Be sure to use a good, quality top-stitching thread that will maintain its colour through repeated launderings.


Denim softens with age, so there is no reason to line this fabric, unless you want to.

Uses for Denim


At one time, denim was reserved for work clothes. Toay, denim fabric can be made into jeans, shorts, overalls, skirts, jackets, bags, capris, shoes, dresses , duvet covers, curtains and shirts.


Care of Denim


Denim is a rugged fabric. It can be washed in hot or cold water and dried on high or low heat. Since denim is made of cotton, it has a tendency to shrink when first washed. To reduce the risk of shrinking, wash in cold water and dry on a low heat or hang to dry.


Hemming Denim Jeans:

I think everyone, seamstress or not, has hemmed jeans. Here are a few tricks:


From TLC:

1.Decide on the length of your jeans. It's always a good call to have the hem just brush the ground when you're standing up straight and wearing the shoes you're most likely to wear with them. When you pin, be sure to take the jeans off, measure to make sure the hem is even all the way around, iron where the new hem is, and put them back on
2.Trim the excess material leaving a 1" hem allowance below the new hemline. Cut an extra
3.Fold the hem
4.Start sewing near a seam
5.Once your hem is sewn, take your sand paper and gently rough up the bottom of your hem and a little along the outer side. This will give it that aged, worn look that matches the rest of the jeans.

Here's a trick from Delusions of Retevance:

After you've cut off the existing hems (don't lazy-out on this step), ironed the raw edges under, and pinned them to the appropriate length, grab a hammer and take it and your jeans to a hard surface. 

Now, whack the seams a few times to break down the fibers and you'll be able to sew through with relative ease with no broken needles or missed stitches. 

Depending on the fabric and the construction of the seams, you may need to go slow (very slow) and help the needle through by turning the wheel with your hand. Sewing through full-speed-ahead is what breaks the needles when they come upon a particularly dense section of fabric.


 
Denim Crafts for Recylcing old jeans:

Denim baskets from old jeans

Also check out some ideas from my scrap fabric lists here and here.

10 comments:

  1. You are a fountain of knowledge! I just learned so much, and I love the fun facts about the origin of the words! I've never had to hem a pair of jeans (or any pants). I must be the exception to the rule. I used to do the opposite, take the hems down. Now I buy pants that are sized "tall" or "long". (Hopefully soon I can make my own.) I have way too many pairs of jeans (which i can only wear to work on fridays) but I keep wearing the same 2 pairs over and over again! I like my denim very dark and trouser style. Have you made your own jeans yet?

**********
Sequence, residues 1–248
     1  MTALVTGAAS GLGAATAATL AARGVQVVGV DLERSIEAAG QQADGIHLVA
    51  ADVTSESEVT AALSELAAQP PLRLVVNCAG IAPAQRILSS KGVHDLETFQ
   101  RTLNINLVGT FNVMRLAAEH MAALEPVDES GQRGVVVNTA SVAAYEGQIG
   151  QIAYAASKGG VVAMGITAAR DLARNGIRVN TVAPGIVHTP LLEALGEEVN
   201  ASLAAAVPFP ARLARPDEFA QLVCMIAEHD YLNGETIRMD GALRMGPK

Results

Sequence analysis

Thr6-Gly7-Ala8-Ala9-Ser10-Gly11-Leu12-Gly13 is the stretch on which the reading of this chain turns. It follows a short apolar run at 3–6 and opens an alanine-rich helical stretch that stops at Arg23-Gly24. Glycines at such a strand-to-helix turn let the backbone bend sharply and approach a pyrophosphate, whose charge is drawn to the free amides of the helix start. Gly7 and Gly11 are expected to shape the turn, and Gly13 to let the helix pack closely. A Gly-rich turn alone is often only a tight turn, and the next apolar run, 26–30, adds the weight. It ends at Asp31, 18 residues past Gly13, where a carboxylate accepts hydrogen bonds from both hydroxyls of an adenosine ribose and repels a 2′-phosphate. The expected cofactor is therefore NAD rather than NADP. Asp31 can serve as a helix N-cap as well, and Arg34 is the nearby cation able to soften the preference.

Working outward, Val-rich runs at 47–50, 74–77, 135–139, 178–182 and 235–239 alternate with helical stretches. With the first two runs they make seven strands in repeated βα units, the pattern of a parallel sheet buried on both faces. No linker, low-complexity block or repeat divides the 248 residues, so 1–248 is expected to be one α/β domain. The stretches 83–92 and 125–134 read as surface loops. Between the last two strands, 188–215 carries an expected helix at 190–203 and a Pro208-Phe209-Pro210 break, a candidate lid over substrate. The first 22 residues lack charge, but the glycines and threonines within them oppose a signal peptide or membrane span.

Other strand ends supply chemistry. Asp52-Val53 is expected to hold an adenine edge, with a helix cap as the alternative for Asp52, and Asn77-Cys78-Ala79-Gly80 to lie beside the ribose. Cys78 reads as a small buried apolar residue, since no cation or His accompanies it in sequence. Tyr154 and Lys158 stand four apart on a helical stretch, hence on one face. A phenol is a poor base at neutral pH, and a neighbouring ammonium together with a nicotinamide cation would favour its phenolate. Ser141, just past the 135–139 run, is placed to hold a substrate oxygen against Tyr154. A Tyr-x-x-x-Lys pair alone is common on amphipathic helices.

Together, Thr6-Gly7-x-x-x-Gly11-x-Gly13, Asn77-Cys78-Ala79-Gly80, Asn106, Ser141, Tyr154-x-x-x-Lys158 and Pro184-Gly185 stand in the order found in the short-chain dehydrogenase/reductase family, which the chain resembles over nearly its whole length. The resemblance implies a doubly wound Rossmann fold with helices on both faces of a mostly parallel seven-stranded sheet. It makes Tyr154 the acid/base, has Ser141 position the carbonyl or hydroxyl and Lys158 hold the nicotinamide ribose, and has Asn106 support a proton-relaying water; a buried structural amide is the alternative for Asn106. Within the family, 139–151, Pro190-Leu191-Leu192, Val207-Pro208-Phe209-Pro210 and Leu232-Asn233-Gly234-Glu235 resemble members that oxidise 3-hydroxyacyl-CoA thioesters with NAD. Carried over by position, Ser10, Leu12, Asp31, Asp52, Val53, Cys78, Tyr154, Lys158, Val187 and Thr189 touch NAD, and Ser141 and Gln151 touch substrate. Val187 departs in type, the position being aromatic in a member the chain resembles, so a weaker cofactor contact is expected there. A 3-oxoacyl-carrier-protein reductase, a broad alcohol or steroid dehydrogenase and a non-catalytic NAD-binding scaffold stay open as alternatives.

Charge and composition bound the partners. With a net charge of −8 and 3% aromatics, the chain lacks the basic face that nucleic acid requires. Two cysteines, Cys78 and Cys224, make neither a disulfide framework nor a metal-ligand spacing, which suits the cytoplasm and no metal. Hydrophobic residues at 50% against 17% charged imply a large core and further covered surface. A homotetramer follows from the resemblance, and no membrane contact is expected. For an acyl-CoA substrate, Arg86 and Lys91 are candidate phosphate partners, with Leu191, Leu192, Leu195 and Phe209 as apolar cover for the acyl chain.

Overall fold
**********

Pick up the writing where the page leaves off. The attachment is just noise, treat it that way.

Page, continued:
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  2. I've been dying to try and work with denim! Thanks for the post!

    Ari

    www.creativelysassy.com

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  3. I love the info on how to hem jeans. Flattening them with a hammer is a great idea (and way to work out some residual issues ;)). But just one thing. The name of the town jeans are from is Nimes, not De Nimes. The word "de" in front of a word in French simply means "from", among others. So it's correctly "de Nimes," or "from Nimes".

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    1. Okay thanks...I didn't know that - even after all those years of French classes.

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  4. Wow! I certainly learned something today. Great post, very informative.

    I have made two pairs of Jalie jeans with stretch denim. I am now ready to try some non streth denim.

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  5. If almost all denim has historically been made in America, why is it named after a French city, and why are jeans named after an Italian city?

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    1. Good question! Here is some more information: It was first made by a Frenchman and worn almost exclusively by sailors. Denim became more mainstream in Genoa, a city in Italy, and the fabric became synomous with the town (hence, "Genes" or jeans). The Americans adopted this fabric as their own in the 1800s and its widespread use in workwear made it forever popular in the US.

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  6. Seriously, I love these 'info' posts you do! (The origin of the word 'dungarees', and the explanation of denim weights were especially interesting parts, I thought.) I don't know how you put all this information together, but this post's definitely getting bookmarked, along with that silk one from a while ago.

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    1. Also, thank you for giving me the Leibster Award, and congrats on getting it for A Question for the Teacher! I enjoy that blog as well.